Unreal Nature

October 31, 2009


Filed under: Uncategorized — unrealnature @ 7:26 pm

We spend almost our entire philosophical, even theological brains thinking about our humanness and how wild and crazy it is. That’s partly because we need to be special and we’ve chosen humanness as the site of All Specialness. Humanness is Specialtown. It’s Special City. Hell, it’s the Nation of Special. Humanness, we’ve decided, is the most specialest thing in the whole wide world! We have some reasons for that, and some of them are interesting and have validity and others are specious. It seems clear to me that other aspects of us are also compelling, however. And one of them is mammal. But that’s only one — hey, throw vertebrate in there. Our phylum, chordata. Hell, throw in tetrapod. That’s our superclass. How cool is that, that we’re tetrapods? Superclass tetrapod. I mean it’s cool. How about throw in dry-nosed primate? That’s our suborder. I like that dry-nosed primate is my suborder. I, personally, revel in being a dry-nosed primate. I don’t know, some people like sports teams. I’ve never been into, like, my team. But my superclass, though … I could go there. In my view, there’s far too little fiction out there focusing on the fact that we’re in a class with prosimian tarsiers, plus all the rest of the true simians. Far too little focusing on the fact that we’re multicellular. I mean that’s a big deal, being multicellular. Huge. Technically, a lot bigger deal than being human. Not to put too fine a point on it, but when it comes to being human, we’re mental about it. We’re completely fixated.

That’s writer Lydia Millet in an interview on Identity Theory. (My dry nose is not very dry. I’m a damp-nosed primate. Extra special.)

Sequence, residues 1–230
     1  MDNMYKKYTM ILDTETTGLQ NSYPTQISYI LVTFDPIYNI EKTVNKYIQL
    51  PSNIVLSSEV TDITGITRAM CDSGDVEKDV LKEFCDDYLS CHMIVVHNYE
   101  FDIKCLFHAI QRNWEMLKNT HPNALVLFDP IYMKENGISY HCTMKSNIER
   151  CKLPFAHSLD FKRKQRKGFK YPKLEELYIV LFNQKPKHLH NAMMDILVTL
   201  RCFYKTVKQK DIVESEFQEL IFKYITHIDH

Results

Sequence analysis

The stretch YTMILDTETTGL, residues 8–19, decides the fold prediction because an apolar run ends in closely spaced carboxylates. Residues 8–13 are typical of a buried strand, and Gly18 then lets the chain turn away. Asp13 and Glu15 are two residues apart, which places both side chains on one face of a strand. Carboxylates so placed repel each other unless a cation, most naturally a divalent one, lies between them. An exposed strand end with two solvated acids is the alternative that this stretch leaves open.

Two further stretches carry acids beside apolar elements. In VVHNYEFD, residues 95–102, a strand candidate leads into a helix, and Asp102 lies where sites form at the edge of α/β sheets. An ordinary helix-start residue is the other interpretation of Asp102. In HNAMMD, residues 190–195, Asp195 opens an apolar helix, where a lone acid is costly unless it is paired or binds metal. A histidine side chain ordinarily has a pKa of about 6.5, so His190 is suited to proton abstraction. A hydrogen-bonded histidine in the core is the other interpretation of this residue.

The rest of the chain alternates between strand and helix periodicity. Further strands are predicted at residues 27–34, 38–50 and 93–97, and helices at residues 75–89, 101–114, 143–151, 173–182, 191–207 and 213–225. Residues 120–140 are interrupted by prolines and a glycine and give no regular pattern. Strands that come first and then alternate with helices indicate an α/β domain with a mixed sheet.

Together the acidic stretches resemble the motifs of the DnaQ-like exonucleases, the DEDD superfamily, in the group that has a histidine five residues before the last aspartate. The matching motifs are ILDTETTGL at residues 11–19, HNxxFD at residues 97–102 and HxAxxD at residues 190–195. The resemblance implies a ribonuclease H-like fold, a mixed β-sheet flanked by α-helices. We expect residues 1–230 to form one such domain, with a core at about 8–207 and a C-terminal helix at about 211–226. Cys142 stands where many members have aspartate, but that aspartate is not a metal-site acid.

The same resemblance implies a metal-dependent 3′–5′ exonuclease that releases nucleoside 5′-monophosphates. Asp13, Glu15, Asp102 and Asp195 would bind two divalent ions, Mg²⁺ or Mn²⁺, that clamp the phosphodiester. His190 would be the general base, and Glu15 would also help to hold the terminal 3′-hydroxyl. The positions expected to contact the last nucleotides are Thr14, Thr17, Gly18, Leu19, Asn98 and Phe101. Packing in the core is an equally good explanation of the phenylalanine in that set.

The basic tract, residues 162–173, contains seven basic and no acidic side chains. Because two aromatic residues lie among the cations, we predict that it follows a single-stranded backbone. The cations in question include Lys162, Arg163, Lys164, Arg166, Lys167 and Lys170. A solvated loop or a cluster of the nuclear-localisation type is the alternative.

1. The nose is an interesting appendage. I am not sure why it “sticks out” in humans since, in just thinking about it, most noses that protrude are attached to a jaw (dog, horse, dolphin); even the blood hound, that estimable smeller, has his nose perched directly above fangs. Who knows where the mantis shrimp’s nose is. Even a “wet nosed” (I assume) primate, the chimpanzee, doesn’t have much of a proboscis. And don’t throw in anteaters or elephants. That would be unfair.

    Comment by Dr. C. — November 2, 2009 @ 12:35 pm

  2. I am not sure why it “sticks out” in humans… — Dr. C

    Well, duh. E-V-O-L-U-T-I-O-N

    The bifocals on the humans with no nose bump kept slipping down and they all got eaten by lions (that they didn’t see because their glasses were not only not on their eyes, because they had slipped down, they were stopping up all airflow to their airflow holes). Plus, their mustaches (on the males, especially), which had no nose to hold them down, kept slipping up and the opposite sex doesn’t go for eyebrows under the eyes.

    Comment by unrealnature — November 2, 2009 @ 1:32 pm

  3. No, this could not be. It would have to be Natural Selection based on sexual attraction. But, of course, that is as uncertain as the whereabouts of Osama Bin Laden. Consider the fact that we have long noses that want to be short noses, and short noses that want to be long.

    And then we have: THE NOSE. Or to be more exact.

    ‘Tis a rock! A peak! A cape!
    – A cape? Forsooth! ‘Tis a peninsula!

    Comment by Dr. C. — November 2, 2009 @ 5:20 pm

  4. If you get your nose lengthened or shortened you have to get your index finger lengthened or shortened at the same time. That’s why Michael Jackson wore a glove.

    Comment by unrealnature — November 2, 2009 @ 7:15 pm

  5. The Aye-aye ought to have a very long nose, then (except it’s not its index finger, so perhaps it’s an adaptation for flipping the bird).

    Comment by Ray Girvan — November 4, 2009 @ 11:30 pm

  6. No, no, no, Ray. You’ve got it backwards. If the index finger is much shorter than the middle finger, that’s a dead giveaway that the nose and index finger used to be very long but have been shortened.

    Comment by unrealnature — November 5, 2009 @ 8:47 am

  7. Speaking as an expert on boogers (and the fingers that go searching for them), I would submit that it is the little finger that accomplishes the task best. I have been told that it is from over-use of this digit that English ladies hold it in a raised position whilst drinking tea.

    Comment by Dr. C. — November 6, 2009 @ 3:50 pm

  8. I have never used my pinky for removal of nasal mucus. Men use their little finger and it’s gross. And they always look at it with great interest once it’s been extracted. That’s really gross.

    Comment by unrealnature — November 6, 2009 @ 6:03 pm

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